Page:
As I write from my office in Valencia, I am reflecting on the past years and the path which has led me and Eoin Murray to co-fund Arbury Road. It feels like yesterday when we were still two students in Cambridge sharing an apartment in Arbury Road and discussing European politics until late in the night with a diverse group of friends from different countries and backgrounds. Cambridge is a beautiful and really strange place. A place which is difficult to understand from the outside and where many contradictions of modern society are exposed with rare clarity. It is an incubator for the elite, where social inequality is not only evident but preserved and in some cases even encouraged. As a student, you will often dress smart and attend fancy events where you will be served by people of your same age. You will develop a sense of personal confidence that often can degenerate into entitlement. At the same time, you are exposed to an amazing community of international students, which in my case was life-changing. I have met some of my best friends, people outside of the ordinary who saw the world very differently from me. They helped me to develop my own vision and cosmopolitan European identity.
Arbury Road was the embodiment of all these contradictions and their synthesis. Like the rest of Cambridge, the area was inhabited by many students. This was particularly appealing to those like me who had a tight budget because it was cheaper than the rest of Cambridge. The reason is that it connects Central Cambridge with Arbury, one of its most deprived districts. In Arbury people live in difficult conditions, struggling with poverty and dealing with a high crime rate. Only a few kilometres down Arbury Road, in Cambridge, many sons and daughters of the European and global elites live luxurious lives, full of stimulating events and under the protection of the “Cambridge Bubble”. Me and Eoin felt the weight of the possibilities we were granted and the need to fight such inequality, and to put the education and the set of knowledge and skills that we acquired to the service of everyone.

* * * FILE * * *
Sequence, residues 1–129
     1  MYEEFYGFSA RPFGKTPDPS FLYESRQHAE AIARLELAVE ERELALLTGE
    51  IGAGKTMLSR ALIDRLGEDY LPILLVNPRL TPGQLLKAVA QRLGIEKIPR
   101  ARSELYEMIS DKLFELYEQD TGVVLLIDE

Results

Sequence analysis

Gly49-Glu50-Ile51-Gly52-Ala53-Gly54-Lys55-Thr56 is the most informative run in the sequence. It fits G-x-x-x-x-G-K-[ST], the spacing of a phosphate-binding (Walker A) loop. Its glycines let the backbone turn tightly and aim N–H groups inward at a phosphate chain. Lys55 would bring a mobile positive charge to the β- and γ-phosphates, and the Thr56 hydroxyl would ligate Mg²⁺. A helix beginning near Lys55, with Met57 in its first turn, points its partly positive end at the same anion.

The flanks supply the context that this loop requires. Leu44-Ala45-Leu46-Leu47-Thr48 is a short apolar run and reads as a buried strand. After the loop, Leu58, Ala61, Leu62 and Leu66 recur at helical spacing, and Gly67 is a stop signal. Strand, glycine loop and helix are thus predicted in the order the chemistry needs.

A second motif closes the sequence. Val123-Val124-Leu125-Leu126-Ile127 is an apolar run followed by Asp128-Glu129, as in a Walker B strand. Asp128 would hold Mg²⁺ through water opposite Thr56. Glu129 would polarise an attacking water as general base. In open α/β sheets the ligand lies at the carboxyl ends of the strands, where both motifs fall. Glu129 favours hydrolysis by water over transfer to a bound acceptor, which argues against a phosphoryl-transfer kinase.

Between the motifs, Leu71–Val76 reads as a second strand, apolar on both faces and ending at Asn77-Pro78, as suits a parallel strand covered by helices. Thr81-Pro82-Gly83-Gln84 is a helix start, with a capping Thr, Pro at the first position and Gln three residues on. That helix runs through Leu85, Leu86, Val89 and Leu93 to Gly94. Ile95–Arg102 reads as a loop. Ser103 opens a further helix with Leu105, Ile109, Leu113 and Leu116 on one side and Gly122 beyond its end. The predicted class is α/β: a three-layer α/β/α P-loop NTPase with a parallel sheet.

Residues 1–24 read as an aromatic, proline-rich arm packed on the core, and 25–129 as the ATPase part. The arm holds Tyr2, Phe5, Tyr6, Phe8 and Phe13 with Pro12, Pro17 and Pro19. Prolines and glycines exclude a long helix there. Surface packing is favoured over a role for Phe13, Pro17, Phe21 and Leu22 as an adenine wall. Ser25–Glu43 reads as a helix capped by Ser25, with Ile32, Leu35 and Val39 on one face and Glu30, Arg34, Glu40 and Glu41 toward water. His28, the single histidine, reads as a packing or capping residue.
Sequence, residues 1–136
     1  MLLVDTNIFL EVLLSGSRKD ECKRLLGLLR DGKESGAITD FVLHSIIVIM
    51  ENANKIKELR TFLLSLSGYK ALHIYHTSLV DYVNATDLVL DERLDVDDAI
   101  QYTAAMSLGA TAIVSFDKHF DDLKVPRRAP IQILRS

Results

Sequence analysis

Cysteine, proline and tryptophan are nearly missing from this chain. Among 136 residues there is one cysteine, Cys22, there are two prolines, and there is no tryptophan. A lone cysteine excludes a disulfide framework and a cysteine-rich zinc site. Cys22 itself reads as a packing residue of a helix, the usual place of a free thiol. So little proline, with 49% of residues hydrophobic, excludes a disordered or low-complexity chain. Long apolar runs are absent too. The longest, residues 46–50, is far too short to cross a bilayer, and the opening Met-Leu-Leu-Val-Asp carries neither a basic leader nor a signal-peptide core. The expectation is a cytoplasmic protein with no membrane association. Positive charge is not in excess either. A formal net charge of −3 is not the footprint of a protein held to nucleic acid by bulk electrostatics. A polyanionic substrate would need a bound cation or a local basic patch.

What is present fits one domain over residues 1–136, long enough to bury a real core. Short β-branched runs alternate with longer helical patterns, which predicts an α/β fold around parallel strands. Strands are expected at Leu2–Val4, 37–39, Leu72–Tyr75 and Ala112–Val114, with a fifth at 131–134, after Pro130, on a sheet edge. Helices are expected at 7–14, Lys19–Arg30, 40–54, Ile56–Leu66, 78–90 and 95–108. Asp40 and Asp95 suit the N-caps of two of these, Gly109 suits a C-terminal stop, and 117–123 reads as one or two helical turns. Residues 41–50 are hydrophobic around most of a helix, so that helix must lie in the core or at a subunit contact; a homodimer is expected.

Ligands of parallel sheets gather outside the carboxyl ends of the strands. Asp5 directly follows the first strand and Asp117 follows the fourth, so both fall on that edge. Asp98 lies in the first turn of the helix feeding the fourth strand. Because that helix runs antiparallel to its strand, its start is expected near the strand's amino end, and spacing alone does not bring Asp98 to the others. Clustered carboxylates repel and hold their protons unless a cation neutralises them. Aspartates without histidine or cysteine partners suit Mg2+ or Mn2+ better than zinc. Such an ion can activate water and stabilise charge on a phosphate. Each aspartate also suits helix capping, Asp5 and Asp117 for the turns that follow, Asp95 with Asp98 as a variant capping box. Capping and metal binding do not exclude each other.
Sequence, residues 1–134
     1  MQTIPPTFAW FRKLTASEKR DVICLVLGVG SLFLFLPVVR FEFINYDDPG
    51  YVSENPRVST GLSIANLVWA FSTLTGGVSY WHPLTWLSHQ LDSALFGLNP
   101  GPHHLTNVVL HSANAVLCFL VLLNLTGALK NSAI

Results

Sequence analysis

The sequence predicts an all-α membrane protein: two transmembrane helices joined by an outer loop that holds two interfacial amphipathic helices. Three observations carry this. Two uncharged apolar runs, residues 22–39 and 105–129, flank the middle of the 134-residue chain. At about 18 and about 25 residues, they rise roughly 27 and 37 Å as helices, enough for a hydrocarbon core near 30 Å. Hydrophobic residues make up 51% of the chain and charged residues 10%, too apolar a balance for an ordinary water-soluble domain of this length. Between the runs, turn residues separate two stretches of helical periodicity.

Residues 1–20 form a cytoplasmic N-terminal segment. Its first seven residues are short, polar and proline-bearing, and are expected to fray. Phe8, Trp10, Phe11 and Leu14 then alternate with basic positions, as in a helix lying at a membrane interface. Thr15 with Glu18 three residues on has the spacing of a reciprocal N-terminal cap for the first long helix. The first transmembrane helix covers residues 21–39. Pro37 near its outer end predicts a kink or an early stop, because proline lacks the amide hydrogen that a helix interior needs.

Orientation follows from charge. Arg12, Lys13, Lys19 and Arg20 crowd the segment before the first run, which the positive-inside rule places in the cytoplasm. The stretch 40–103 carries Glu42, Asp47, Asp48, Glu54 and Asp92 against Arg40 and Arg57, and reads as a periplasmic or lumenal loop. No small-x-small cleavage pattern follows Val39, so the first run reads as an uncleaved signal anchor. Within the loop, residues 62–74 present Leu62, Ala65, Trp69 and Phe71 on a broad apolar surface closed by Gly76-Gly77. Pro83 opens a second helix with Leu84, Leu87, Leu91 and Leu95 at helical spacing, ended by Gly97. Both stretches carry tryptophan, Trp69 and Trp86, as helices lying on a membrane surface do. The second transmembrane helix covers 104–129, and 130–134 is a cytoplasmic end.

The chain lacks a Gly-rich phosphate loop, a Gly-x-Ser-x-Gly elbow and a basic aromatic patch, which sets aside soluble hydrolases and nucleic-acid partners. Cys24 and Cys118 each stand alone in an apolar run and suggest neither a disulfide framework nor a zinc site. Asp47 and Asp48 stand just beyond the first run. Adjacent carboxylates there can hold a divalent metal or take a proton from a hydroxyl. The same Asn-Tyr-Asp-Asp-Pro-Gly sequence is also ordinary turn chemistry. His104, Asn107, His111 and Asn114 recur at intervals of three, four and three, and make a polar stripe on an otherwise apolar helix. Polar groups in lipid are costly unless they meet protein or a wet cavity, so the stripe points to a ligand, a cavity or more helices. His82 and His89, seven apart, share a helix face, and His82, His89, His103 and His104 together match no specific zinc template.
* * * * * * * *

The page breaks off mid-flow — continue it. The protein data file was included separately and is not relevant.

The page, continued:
Of course, the contradiction of giving the name of a UK district to a pan-European newspaper while Britain is leaving the EU is evident. And it is not casual. We think that Brexit was the demonstration of the failure of the EU liberal project. Brexit was a moment of reckoning, the demonstration of the incompetence of the arrogant European elites, who were not able to understand the deep discomfort and detachment that the European project was creating in many strata of the population. The areas that voted in favour of Brexit were exactly those areas of the country, such as Arbury, which the UK and the EU governments forgot. The people of these areas saw their living conditions decrease in the past 20 years, and the only aspect of the European reality that they experienced directly was greater competition in the work-place.
The Brexiters, as well as the other sovereignist parties, did listen to these people. Differently from the liberal elites they did not ignore their suffering, but gave them some concrete expectations and proposed wrong solutions: the return to national sovereignty, which in their rhetoric coincided with a return to a welfare state, the suppression or limitation of immigration, the recovery of national identity as the foundational stone for a renewed sense of community.
These are wrong answers, based on deceptive postulates. These people are probably those who are going to suffer the most from the disruption caused by Brexit, a disruption which will be even worsened now by the coronavirus crisis. The solution proposed by politicians such as Nigel Farage and Boris Johnson in the UK and by other reactionary leaders such as Le Pen, Salvini and Orban across Europe is not only counterproductive but irresponsible and immoral. In our globalised competitive world, we need a strong Europe to deal with big international players such as the US, China, India, Russia not only from the economic stand-point but also politically. Europe, with all its defects, remains nowadays the best model of a social state where the welfare of the population, of the entire population, is considered a fundamental duty of the States. And at the same time, the European Union guarantees its citizens freedom and democratic representation and has guaranteed one of the longest periods of peace in European history. Yet, a lot needs to change and remainers, and the European elites, were not able to provide answers to the problem and worries of the population.